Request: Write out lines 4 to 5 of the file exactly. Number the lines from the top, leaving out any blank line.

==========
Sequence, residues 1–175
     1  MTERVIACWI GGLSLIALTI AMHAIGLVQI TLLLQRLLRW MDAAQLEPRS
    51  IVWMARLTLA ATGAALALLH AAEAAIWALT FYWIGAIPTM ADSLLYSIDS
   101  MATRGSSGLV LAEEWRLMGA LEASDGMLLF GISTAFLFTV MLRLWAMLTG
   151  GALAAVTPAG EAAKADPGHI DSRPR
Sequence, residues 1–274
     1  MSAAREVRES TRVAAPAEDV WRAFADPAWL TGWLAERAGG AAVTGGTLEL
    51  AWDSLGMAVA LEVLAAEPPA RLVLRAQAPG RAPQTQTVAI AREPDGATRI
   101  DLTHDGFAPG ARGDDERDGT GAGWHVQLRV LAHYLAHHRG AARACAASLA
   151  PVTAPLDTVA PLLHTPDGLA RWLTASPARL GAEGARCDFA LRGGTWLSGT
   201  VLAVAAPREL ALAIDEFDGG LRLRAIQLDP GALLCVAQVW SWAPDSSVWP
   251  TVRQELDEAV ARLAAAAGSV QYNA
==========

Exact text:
   101  MATRGSSGLV LAEEWRLMGA LEASDGMLLF GISTAFLFTV MLRLWAMLTG
   151  GALAAVTPAG EAAKADPGHI DSRPR